For hops carried forward from the boil there is a new setting in the equipment profile where you can specify the total whirlpool hop time as well as a check box for “Estimate Boil Hop Util in the Whirlpool” which will carry forward the boil hops to the whirlpool based on the whirlpool time and estimate bitterness for those as well.

If you want to learn more about the new settings in BeerSmith 3 you can watch this short video.

Hopefully this helped to clear up your understanding of hop utilization in the whirlpool. Thanks for joining me on the BeerSmith Home Brewing Blog. Be sure to sign up for my newsletter or my podcast (also on itunes…and youtube) for more great tips on homebrewing.

Categories: Homebrewing blogs

Passionfruit Peach Gose Tasting Notes

Brew Dudes - Thu, 12/12/2019 - 2:37pm

Back in the summer, we brewed a beer and it was a collaboration with Oregon Fruit and North Country Group. We were trying to meet up with Elliot but we couldn’t get it going on our end. With a keg full of Gose and our ever-demanding production schedule, we present to you this Peach and […]

The post Passionfruit Peach Gose Tasting Notes appeared first on Brew Dudes.

Categories: Homebrewing blogs

High Altitude Beer Brewing and Hop Utilization

Homebrewing from Beersmith - Sun, 12/08/2019 - 11:17am

I often hear from brewers who live at altitude asking about how to adjust their beer brewing recipes. Living at a higher altitude means that both water and wort will boil at a lower temperature which leads to lower hop utilization.

I spent six years living near Albuquerque in New Mexico, with four of those in the East Mountains at some 7200 feet (2194 m) above sea level. At altitude we had to adjust not only beer brewing activities but even simple recipes like baking bread.

Effects of High Altitude Beer Brewing

The primary effect of brewing beer at high altitude is that it lowers the temperature at which water and wort boils. While water boils at 212 F (100 C) at sea level, the boil temperature drops about 6 F (3.2 C) for every 3200 feet (1000 m) of altitude. So if you brew at 6400 feet (2000 m), your boil temperature would be approximately 200 F (93.6 C).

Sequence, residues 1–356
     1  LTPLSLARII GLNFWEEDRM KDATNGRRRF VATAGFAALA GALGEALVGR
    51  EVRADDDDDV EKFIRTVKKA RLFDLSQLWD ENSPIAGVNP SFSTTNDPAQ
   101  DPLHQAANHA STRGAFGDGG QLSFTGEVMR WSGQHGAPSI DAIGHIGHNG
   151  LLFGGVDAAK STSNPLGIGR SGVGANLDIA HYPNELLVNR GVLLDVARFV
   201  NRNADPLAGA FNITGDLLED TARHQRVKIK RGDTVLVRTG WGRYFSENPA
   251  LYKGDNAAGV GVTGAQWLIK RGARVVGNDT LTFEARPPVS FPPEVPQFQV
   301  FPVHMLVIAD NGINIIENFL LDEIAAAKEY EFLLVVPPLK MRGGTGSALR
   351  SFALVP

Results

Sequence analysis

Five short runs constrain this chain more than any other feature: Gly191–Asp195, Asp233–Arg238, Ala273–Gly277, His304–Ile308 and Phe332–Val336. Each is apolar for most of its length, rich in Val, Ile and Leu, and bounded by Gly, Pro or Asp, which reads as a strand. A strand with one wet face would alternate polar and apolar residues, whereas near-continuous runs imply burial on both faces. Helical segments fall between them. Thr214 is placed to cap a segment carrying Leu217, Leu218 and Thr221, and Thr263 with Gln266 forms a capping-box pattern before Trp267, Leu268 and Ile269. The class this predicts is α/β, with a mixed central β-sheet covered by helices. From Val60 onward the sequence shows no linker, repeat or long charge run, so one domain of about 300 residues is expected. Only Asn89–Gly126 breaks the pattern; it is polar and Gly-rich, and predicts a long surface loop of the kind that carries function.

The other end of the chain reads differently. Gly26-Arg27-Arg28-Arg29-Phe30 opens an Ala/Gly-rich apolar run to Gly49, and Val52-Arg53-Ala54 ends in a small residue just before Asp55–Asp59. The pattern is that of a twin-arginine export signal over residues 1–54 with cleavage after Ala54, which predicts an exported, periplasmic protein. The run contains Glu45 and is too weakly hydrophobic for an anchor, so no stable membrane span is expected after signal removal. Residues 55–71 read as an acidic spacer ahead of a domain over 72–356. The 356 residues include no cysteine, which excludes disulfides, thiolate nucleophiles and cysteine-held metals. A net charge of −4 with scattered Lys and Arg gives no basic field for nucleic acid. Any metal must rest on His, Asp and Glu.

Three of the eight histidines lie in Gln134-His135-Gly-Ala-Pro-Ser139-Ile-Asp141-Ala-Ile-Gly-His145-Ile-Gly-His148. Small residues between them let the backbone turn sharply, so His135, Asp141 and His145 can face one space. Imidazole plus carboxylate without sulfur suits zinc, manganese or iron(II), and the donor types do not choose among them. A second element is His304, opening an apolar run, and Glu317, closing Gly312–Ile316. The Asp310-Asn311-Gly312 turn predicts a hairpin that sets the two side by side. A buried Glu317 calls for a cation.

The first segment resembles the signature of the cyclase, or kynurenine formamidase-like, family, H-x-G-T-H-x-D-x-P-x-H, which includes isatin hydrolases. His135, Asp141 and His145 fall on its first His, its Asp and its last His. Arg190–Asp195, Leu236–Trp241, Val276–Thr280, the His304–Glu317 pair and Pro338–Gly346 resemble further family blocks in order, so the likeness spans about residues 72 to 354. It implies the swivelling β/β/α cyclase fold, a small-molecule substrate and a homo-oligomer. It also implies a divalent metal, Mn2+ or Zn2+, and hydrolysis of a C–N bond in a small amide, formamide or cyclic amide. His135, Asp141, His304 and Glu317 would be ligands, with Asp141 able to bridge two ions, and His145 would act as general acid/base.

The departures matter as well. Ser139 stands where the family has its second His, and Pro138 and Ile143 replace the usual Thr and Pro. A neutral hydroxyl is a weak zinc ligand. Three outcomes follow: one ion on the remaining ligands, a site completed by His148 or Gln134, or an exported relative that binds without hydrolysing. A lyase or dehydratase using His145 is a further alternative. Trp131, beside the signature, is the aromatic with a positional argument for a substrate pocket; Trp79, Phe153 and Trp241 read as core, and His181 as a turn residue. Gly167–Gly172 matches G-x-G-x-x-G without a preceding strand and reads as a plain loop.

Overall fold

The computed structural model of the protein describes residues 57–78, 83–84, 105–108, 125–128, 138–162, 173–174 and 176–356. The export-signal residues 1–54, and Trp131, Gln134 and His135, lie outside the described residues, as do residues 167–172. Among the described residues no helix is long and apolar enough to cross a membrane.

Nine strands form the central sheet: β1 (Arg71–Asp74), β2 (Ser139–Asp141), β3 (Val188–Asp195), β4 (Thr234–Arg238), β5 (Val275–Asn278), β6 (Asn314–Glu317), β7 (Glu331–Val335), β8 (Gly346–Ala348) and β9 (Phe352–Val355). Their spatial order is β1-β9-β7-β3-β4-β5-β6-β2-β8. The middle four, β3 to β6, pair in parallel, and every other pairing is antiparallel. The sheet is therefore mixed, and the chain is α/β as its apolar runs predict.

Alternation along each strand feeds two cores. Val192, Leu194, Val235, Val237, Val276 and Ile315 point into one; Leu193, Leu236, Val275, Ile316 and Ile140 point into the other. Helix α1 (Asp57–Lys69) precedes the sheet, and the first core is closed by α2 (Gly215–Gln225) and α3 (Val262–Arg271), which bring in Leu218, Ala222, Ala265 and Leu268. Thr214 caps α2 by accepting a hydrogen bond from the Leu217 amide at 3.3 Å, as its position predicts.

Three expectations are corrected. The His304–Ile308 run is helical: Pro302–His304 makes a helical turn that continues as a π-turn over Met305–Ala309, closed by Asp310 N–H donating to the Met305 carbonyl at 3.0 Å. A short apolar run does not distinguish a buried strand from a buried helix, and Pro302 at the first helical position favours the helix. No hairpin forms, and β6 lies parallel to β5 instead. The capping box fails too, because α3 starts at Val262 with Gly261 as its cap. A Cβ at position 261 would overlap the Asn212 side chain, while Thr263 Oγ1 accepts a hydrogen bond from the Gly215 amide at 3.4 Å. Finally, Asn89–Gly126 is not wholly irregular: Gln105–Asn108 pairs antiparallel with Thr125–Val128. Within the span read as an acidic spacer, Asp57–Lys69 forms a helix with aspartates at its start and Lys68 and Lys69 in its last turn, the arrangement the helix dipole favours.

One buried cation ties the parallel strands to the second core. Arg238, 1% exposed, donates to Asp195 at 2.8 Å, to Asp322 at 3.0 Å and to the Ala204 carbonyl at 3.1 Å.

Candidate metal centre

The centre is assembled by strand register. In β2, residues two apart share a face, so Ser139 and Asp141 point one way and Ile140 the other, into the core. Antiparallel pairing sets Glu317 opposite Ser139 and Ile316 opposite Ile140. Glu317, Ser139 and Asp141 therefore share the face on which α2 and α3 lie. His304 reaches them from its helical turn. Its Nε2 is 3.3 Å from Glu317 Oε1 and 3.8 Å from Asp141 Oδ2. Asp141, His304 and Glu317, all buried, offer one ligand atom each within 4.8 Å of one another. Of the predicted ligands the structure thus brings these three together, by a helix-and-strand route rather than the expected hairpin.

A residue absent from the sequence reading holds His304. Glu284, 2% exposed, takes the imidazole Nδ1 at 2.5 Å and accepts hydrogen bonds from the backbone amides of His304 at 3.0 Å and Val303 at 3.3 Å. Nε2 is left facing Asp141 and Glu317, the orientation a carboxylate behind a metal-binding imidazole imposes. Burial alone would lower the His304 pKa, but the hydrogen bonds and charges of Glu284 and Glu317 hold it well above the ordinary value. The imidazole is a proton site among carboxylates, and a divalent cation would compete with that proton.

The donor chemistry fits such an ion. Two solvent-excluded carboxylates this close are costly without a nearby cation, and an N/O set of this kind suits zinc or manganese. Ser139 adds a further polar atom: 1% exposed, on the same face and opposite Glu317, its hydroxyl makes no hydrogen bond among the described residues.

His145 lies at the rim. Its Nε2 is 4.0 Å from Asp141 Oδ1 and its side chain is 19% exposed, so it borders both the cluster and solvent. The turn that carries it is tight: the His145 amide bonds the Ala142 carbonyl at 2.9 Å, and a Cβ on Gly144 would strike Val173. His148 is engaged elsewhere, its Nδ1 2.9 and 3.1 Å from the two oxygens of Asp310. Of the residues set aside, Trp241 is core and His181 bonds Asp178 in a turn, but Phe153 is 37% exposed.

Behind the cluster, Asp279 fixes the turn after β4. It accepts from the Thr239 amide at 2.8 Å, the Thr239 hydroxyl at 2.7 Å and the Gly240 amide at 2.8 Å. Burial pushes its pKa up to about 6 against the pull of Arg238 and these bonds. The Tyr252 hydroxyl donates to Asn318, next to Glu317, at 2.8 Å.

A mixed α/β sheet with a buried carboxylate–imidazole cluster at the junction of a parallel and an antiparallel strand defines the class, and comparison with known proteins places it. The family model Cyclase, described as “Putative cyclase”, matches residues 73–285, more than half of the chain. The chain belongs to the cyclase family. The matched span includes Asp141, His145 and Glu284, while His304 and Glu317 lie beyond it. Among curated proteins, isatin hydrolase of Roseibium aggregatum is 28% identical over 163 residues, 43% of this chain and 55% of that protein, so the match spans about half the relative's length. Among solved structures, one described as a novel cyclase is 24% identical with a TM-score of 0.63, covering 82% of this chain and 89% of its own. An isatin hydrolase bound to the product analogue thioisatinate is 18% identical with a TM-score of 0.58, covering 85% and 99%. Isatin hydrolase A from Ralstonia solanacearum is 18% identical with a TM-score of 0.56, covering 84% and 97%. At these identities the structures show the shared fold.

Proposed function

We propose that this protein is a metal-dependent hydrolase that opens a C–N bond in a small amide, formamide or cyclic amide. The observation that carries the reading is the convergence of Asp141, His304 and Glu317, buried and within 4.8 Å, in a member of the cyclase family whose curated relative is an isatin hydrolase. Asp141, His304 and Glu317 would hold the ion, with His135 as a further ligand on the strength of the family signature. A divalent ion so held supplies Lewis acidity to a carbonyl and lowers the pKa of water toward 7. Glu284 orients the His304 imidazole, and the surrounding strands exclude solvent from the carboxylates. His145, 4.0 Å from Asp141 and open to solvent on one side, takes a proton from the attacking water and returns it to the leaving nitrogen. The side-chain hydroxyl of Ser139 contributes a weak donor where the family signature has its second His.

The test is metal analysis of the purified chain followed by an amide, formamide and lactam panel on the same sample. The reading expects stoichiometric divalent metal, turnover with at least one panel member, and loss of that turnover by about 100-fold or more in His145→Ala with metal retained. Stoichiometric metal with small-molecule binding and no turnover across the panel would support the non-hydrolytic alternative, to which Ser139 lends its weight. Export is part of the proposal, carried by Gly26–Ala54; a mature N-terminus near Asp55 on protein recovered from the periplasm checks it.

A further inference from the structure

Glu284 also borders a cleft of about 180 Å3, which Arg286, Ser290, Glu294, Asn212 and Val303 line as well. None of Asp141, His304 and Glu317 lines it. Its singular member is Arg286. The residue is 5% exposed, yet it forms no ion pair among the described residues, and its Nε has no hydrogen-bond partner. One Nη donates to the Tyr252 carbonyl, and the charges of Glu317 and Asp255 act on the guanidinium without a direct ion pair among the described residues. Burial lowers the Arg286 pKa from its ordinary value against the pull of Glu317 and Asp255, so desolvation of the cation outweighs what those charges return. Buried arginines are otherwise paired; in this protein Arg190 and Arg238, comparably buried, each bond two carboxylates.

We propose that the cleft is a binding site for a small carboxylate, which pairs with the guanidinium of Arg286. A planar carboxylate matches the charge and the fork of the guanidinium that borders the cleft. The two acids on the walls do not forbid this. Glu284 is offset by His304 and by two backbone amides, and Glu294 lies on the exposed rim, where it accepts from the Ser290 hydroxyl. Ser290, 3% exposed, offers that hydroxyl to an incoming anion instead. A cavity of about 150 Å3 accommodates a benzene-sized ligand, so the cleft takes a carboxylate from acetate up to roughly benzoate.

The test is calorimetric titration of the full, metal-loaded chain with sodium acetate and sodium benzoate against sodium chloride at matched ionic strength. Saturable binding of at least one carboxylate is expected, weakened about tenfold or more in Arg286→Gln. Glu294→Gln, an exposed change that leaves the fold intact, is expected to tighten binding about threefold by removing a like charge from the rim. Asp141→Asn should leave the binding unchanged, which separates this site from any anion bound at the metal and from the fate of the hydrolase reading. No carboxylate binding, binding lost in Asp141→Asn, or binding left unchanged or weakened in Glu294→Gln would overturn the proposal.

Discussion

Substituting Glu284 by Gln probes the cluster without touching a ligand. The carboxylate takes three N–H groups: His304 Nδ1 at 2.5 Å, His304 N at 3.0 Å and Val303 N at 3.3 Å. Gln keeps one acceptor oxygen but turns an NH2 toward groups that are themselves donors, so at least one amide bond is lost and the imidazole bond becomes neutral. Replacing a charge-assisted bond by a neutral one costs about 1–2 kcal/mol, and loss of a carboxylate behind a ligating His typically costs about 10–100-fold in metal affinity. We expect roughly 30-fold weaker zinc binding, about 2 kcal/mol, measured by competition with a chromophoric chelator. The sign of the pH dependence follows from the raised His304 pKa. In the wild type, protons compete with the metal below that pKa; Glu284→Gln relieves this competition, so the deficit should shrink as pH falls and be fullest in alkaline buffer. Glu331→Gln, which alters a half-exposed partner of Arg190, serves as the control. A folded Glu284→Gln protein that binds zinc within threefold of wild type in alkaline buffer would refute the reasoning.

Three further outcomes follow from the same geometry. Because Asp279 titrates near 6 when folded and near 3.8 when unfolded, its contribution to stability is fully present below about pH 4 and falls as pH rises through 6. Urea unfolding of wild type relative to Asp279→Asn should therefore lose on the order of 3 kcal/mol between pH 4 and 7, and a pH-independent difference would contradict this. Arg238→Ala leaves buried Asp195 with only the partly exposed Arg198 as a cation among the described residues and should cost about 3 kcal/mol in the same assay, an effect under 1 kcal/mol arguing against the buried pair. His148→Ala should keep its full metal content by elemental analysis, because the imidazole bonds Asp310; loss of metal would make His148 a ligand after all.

As the boil temperature is reduced, hop utilization also drops off. In fact it drops off fairly rapidly with temperature. This means you may need to either add more hops or increase your boil time when brewing at altitude to achieve the same bitterness level.

How much does it drop off? My friend John Palmer wrote an article for the MBAA, Vol 54, No 3, 2017 entitled “A Look at Isomerization Reduction Due to Altitude” where he leverages the work of Mark Malowicki and Thomas Shellhammer who studied hop isomerization versus temperature. This work has become increasingly important to estimate the hop utilization in whirlpool hops.

It turns out that the drop off is pretty substantial. From Palmer’s paper:

  • 500 meters (1640 ft) – Water Boils at 209 F (98.4 C) – Utilization is 87%
  • 1000 meters (3281 ft) – Water Boils at 206 F (96.8 C) – Utilization is 76%
  • 1500 meters (4921 ft) – Water boils at 203 F (95.1 C) – Utilization is 67%
  • 2000 meters (6562 ft) – Water boils at 200 F (93.5 C) – Utilization is 58%

So if we consider a typical mountain brewer at a location like Denver, CO where the altitude is 5000 feet (1500 meters), you can see that they are getting only about 67% or 2/3rd the utilization of a brewer at sea level. So they would need to add roughly 40% more hops or boil the hops much longer to achieve the same bitterness level in IBUs.

Altitude Adjustments in BeerSmith 3

Fortunately BeerSmith 3 software has the altitude adjustments built in so you don’t need to do these calculations by hand. You can enter the altitude into your equipment profile and it will adjust all of the hop utilization calculations to include your local altitude effects.

To adjust your equipment profile, go to Profiles->Equipment within the software and find your personal equipment profile. Double click on the equipment profile to edit it and look for the section titled Hop Utilization and Whirlpool Options. Under that section set the Boil Elevation to your local elevation in feet or meters.

Now when you use this equipment profile in a recipe, it will adjust the hop utilization calculations to fit your altitude. You can also use the equipment profile to scale other people’s recipes which will adjust those recipes to match your equipment and altitude.

I hope you enjoyed my brewing tip for this week. Thanks for joining me on the BeerSmith Home Brewing Blog. Be sure to sign up for my newsletter or my podcast (also on itunes…and youtube) for more great tips on homebrewing.

Categories: Homebrewing blogs

Anchor Brewing with Scott Ungermann – BeerSmith Podcast #204

Homebrewing from Beersmith - Thu, 12/05/2019 - 11:26am

Scott Ungermann, Brewmaster at Anchor Brewing joins me to discuss the history of one of America’s oldest small breweries.

Subscribe on iTunes to Audio version or Video version or on Google Play

Download the MP3 File– Right Click and Save As to download this mp3 file.